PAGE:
Webdesign is a “craft” that requires patience, some skills, focus on details, and more patience. Webdesign is an evolution, and a process. 

It’s also a profession. full or part time. Anyone with some talents for and in interest in design, presentation and, perhaps most importantly. content and content production, can do it.

You don’t start from scratch. It would not make any sense. There are so many content management systems (CMS), templates, modules and plugins available. You don’t have to be a programmer, or developer. But it does help to understand, or learn, some of the basics.

From my experience, none of the above have much value if the content and content presentation is poor. That is at the end of the day, what will draw people to your website. That is what might make people come back. Not the design. Some design actually chase people away, unless they find something of value.

Wedesign – general

You can find many brilliant webdesign solutions by searching. For the most part, affordable too. Here are some things to think about before choosing a design template/solution:

  • Clean design: go for clean design, with minimal pizzazz.
    • While cool stuff might impress when first time viewed, it quickly loses shine.
    • There are many brilliant templates that can be customized to meet your needs. For WordPress, start here (for instance)
    • Think ahead: when you look at templates you might think “oh I don’t need that”. Nice to haves makes any future upgrades easier. Planning or thinking ahead is smart.
  • KISS (Keep it simple stupid). Why do it complicated if you can do it simple, to the extent possible.
  • Mobile friendly: this is simply a yardstick. Anything presented on the web ought to be mobile friendly. Does not only imply mobile friendly design, but also mobile friendly formatting of content.
  • Off-shelf solutions means better support. Buy a license for a template/theme. Many themes comes with 12 months support included. And you can extend it for as long as the theme is supported. Not uncommonly also beyond that.
  • Free templates might also do the trick. It depends on your requirements. Some offer a template for free, but have to pay for extra features.

For some examples and/or stuff I’ve done, see this list.

Wedesign & content

Fancy graphics, videos animations, these are all fleeting things. Search engines prioritize content. As a result:

  • Balance design, graphics & content: it’s easy to over-engineer things.
  • Focus on content. Given that you want to be found, or your business / products to be found, content is key. It always is. That doesn’t end when your site is live. Quite the contrary, that’s when the journey begins!
  • Search engine optimization (SEO): the most important thing. it’s not enough to provide or produce (a lot of) content. It needs to be written in a way that makes it easy to understand. For anyone. With clear document structure. Fortunately there are tools that can aid you in the process (SEO analysis, AI etc).
  • Don’t let AI write your content! Use AI as an assistant or helping tool, not as an author. Laziness won’t pay. Google and other search engines are evolving and might discriminate a page if it’s obviously not human made.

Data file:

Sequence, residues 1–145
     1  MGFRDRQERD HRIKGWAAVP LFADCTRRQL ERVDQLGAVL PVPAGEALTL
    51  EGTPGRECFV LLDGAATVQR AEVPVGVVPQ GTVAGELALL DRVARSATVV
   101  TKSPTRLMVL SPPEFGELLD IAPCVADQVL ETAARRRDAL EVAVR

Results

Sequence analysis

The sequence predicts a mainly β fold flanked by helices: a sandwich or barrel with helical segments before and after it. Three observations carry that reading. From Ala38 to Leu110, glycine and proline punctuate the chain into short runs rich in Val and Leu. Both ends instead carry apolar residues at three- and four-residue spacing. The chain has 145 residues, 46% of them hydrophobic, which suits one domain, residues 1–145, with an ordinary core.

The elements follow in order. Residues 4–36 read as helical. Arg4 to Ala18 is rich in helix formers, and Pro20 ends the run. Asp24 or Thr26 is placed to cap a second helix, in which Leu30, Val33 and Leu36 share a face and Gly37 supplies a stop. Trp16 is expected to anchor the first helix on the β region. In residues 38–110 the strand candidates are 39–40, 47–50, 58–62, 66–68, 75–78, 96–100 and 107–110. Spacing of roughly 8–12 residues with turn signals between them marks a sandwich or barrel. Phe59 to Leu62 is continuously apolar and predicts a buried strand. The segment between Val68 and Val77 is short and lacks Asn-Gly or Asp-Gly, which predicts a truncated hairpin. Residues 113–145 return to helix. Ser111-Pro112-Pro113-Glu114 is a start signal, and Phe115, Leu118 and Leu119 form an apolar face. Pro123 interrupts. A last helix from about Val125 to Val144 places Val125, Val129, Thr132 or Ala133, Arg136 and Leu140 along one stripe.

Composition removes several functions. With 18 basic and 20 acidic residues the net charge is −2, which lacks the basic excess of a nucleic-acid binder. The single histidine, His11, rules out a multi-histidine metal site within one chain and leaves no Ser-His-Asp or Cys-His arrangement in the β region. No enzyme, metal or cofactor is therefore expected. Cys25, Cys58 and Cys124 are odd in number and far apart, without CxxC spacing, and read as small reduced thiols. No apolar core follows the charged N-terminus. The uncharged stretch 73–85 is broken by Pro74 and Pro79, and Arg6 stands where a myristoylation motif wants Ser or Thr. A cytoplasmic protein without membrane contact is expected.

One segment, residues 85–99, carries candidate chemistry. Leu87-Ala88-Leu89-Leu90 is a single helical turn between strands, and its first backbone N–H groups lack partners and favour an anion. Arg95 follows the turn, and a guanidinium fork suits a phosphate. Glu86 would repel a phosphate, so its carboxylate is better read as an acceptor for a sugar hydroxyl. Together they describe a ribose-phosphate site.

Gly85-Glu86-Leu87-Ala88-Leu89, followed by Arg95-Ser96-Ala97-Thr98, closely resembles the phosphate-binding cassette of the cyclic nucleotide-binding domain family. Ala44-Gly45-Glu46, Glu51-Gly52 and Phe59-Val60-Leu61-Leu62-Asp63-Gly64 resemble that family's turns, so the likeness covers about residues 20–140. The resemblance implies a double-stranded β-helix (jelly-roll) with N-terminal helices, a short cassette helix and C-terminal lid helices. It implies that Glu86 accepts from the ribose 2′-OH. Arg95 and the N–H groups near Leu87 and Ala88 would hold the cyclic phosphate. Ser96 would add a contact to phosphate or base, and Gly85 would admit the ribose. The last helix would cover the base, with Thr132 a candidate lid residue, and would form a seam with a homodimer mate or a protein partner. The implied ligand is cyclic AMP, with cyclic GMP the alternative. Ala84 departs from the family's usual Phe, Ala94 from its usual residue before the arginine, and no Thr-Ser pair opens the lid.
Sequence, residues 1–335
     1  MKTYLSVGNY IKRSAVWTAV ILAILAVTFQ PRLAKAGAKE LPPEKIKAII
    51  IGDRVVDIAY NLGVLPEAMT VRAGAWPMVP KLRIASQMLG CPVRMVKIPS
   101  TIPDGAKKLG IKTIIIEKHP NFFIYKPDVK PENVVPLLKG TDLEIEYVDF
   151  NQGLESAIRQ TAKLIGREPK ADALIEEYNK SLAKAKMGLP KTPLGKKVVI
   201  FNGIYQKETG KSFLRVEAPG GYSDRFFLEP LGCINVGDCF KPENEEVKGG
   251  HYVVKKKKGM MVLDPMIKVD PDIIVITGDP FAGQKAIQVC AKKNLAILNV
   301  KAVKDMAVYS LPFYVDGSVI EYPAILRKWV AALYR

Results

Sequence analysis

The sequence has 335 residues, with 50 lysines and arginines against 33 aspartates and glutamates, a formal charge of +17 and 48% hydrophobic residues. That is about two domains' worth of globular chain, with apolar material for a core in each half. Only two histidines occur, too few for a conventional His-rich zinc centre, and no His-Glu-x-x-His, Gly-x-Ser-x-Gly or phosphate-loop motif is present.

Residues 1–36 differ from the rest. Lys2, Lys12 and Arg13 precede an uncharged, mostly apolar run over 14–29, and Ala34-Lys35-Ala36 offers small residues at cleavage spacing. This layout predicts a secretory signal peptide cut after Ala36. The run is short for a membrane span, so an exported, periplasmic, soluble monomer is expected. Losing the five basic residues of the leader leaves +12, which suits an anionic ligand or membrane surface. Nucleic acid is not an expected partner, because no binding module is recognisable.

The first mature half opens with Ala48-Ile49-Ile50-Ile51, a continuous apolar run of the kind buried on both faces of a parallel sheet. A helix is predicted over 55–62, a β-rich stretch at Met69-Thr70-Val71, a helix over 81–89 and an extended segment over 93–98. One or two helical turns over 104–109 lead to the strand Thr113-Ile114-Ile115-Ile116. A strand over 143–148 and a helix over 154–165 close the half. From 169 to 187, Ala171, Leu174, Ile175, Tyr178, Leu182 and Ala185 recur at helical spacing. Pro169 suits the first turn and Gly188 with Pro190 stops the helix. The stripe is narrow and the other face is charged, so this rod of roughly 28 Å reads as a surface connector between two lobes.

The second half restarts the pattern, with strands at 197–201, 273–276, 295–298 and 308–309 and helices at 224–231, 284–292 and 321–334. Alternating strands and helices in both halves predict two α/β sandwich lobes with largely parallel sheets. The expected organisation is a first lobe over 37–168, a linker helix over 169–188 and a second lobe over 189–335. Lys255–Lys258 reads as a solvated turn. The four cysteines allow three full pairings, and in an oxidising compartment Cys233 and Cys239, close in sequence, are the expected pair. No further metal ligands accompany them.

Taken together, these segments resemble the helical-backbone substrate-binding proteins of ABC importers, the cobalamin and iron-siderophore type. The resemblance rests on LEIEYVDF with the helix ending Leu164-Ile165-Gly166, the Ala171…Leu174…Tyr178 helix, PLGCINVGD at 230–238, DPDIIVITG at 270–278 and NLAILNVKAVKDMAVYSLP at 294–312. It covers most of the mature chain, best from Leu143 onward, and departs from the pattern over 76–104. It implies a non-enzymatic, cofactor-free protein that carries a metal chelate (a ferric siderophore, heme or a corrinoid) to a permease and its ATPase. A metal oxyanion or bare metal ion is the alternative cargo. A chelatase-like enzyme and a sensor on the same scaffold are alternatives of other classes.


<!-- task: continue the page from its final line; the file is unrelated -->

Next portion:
• Don’t copy or clone content. Google and other search engines are capable of detecting cloning. Whether on your own site, or copies on other sites. Copying or cloning can impact ranking, on a page or a site as a whole.

Webdesign considerations

Avoid (highly) customized solutions. Choose the simple, or standard. Choose something that will be supported by the original author or developer. There are many platforms to choose from. Below some of the biggest, or most known.

  • WordPress is a content management that for most will be adequate. It is also a vast universe. Most of the things you need are either for free or inexpensive. Buy licenses for the most crucial components.
  • Drupal is another worth considering. But the learning curve is much steeper. And the ecosystem of extras much smaller. Drupal is an excellent choice for (larger) corporates, with more specific needs. But it can also work for private or smaller companies.
  • Joomla! is another, and one of the older CMS platforms (CMS means Content Management System) that has come a long way. Both with regards to user interface, learning curve and design possibilities. And there are many other routes to take as well.
  • Wix, online publishing tool: Wix has gained formidable traction and evolved into a significant, for some indispensable, online publishing platform. On the surface of it one could mistake it for being to the only solution you’ll even need. But while it might be simple to get started, the getting on with it won’t necessarily be any easier. Plus you confine yourself to a platform and at the mercy of whatever the platform provides.

Regardless of what you choose, It’s easy to get lost among all the options. Getting some assistance can save you time and trouble. I’ve spent the last two decades with all of the above, minus Wix, which I got acquainted with while migrating content to a WordPress site.

First time fanciness may become tomorrows nuisance”

Webdesign, website or Facebook?

Many seem to think that, for instance, a Facebook page can replace a (personal) website. That is a misconception. It will provide you with a uniform platform. With a social network. But Facebook and other social media platforms firstly look after themselves.

It might be a compromise that will work for some people. For some businesses. And of course, having your own website, whether for company or private use, might imply more work. But in the long run it will be worth it.

Think of the concept of web presence as a oaken wheel. Your domain, your website, is your hub. Social media are your spokes. Choose the spokes that seems logical or relevant for your purpose. And stick to those.